UpNext Blog Posts

October 2009: Cataloging Histories of the Cayuse, Umatilla, and Walla Walla Tribes

 
Conservation technician Ryan Ashley (right) and Randall Melton (far left) work on collection objects and explain their methods to a group of visitors during the "Caring for the Past" exhibit.

Recipient: Tamástslikt Cultural Institute

Grant: 2007 Native American/Native Hawaiian Museum Services grant

Pictured:  Conservation technician Ryan Ashley (right) and Randall Melton (far left) work on collection objects and explain their methods to a group of visitors.

Contact:
Randall J. Melton
Project Director
Collection Curator
Tamastslikt Cultural Institute
(541) 966-1985
Email address

Web Site:
http://www.tamastslikt.org

 

(Photo courtesy of the Tamástslikt Cultural Institute.)

Located in eastern Oregon near Pendleton, the Tamástslikt Cultural Institute is a repository for the history, language, and culture of Confederated Tribes of the Umatilla Indians, which was formed in 1855 with a treaty between the federal government and three tribes now known as the Cayuse, Umatilla and Walla Walla. Tamástslikt, pronounced ‘tuh-must-lickt,’ means "to interpret or talk about something" in the Walla Walla language. More than 10,000 items are in the care of Tamástslikt, including photos, video, documents, manuscripts, books, archaeological objects, and ethnographic objects such as basketry, weaving, and regalia.

Tamástslikt accepted its first donation in 1991, and employed a full-time curator until 1998. From 1998 to 2001, Tamástslikt did not have a curator, and over the years many different staff and summer interns cared for the object collections and registration files. For these reasons, various forms of inventories, catalogues, photos, and records were created to manage the collections. Tamástslikt did not have a complete inventory of its collection, many of the object identification photos were low quality, and associated registration files were incomplete, not standardized, or centralized.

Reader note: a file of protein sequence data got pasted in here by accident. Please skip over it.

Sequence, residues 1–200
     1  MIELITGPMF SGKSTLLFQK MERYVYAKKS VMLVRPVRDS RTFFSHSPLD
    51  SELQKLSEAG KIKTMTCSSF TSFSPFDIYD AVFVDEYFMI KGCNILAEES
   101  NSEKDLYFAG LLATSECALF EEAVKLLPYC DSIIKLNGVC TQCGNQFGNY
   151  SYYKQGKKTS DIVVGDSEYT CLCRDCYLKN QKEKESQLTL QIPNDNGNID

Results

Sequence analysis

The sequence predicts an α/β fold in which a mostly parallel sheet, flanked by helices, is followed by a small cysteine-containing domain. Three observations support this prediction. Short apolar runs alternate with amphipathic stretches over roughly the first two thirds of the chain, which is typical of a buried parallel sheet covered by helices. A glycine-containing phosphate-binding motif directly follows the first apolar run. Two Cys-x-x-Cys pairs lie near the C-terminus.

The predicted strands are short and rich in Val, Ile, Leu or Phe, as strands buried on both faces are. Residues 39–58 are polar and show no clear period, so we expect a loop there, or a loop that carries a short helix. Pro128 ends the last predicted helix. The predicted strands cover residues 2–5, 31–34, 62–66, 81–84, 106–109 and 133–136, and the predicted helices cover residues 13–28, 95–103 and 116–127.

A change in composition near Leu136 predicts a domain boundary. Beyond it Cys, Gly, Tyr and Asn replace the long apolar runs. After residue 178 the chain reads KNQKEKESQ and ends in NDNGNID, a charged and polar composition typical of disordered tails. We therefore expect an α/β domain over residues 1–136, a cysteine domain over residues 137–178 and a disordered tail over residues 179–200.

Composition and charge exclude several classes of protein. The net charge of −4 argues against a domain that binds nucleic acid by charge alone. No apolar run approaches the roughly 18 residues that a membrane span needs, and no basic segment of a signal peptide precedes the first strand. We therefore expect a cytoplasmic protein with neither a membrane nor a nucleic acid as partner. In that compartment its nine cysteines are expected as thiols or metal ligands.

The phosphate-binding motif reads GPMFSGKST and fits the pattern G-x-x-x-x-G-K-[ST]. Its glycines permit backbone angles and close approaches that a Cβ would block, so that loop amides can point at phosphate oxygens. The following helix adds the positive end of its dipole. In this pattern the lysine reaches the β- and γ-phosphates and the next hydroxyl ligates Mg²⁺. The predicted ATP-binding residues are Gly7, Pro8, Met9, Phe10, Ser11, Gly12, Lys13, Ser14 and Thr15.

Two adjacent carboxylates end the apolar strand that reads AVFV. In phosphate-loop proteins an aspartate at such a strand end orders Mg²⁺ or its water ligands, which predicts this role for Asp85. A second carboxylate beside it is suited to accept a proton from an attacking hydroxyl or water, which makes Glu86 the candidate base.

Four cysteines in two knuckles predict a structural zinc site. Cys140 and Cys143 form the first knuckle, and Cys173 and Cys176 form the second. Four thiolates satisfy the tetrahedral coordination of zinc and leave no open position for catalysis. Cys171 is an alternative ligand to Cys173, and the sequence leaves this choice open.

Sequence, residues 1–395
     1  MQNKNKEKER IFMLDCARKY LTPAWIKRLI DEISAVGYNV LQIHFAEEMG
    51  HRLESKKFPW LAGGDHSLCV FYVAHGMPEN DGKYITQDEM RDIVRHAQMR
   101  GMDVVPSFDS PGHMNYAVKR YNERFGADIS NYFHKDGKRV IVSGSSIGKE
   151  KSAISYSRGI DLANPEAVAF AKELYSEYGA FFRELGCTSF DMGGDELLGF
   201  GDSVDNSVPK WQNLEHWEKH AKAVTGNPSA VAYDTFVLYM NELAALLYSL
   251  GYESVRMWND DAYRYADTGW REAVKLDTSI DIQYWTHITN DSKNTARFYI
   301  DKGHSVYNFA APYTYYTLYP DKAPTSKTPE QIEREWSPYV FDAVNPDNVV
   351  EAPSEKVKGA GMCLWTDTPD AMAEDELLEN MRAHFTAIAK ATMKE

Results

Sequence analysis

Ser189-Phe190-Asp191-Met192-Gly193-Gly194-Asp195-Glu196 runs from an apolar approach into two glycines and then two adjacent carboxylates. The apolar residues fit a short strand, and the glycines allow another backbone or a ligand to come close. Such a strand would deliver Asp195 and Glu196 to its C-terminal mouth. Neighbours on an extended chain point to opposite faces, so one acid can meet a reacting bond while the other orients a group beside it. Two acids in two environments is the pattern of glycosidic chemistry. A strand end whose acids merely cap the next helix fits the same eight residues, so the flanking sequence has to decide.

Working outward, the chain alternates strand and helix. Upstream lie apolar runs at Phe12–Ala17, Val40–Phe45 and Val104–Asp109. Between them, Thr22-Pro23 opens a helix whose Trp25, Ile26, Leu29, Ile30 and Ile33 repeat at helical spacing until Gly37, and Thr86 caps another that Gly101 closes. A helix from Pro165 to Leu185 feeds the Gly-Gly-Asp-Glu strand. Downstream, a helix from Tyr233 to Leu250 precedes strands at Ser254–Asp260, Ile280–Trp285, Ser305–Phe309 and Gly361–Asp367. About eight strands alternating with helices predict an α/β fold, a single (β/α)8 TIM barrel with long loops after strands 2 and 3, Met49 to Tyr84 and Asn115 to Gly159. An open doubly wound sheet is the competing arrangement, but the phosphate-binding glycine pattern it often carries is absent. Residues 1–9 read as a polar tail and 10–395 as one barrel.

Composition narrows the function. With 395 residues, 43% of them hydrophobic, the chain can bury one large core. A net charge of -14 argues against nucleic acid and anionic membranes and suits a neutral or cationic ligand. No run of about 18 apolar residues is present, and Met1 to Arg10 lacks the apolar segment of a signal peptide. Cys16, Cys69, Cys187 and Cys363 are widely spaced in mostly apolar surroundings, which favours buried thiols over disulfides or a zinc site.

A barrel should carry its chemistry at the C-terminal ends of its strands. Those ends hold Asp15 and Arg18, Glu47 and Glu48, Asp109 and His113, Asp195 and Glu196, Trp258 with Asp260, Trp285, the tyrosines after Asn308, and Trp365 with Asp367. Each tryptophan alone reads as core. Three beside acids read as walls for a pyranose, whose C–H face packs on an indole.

Many objects had not been handled since the late 1990s and required routine care and preventative conservation. All of the items had previously been stored in small boxes and many needed more appropriate storage environments.

In 2007, the Confederated Tribes of the Umatilla Indian Reservation were awarded a one-year, $47,086 IMLS Native American/Native Hawaiian Museum Services grant to create a comprehensive, organized, and usable catalogue of approximately 3,000 collection objects.

Organizing the Collection

"Our hope for this grant was to go through and do a systematic cataloguing and inventory project in our main collection vault, and to go through and make sure we had everything photographed with the digital camera," said Randall Melton, Collections Curator. "We switched our object labels to include barcodes so that it would be easier to access object information on our Past Perfect software."

Tamástslikt used grant funds to purchase a laptop, a barcode scanner and software, general conservation supplies, two artifact carts, an impulse sealer, a high-quality digital camera, studio lights, and backdrops.

Project activities were divided into object processing, records management, and training. During object processing, museum staff examined each object, took digital photos, and added a barcode to the object. Staff also updated catalogue and condition information, performed preventative conservation, created appropriate storage mounts, and documented each object’s storage location.

Records management entailed examining each accession or loan file to verify and update the enclosed information. Staff then placed paper copies in an acid-free folder, and relocating the folder to a centralized rotary file cabinet.

In the training phase, museum staff attended three separate training sessions on collection management and care. They learned new techniques in areas such as mount making and integrated pest management.

Tamástslikt also used grant funds to continue the employment of a full-time conservation technician and hire an additional part-time technician.

In addition, Tamástslikt created a two-month interactive conservation lab exhibit, titled "Caring for the Past: A Tamástslikt Conservation Lab," to show the public what goes on behind the scenes.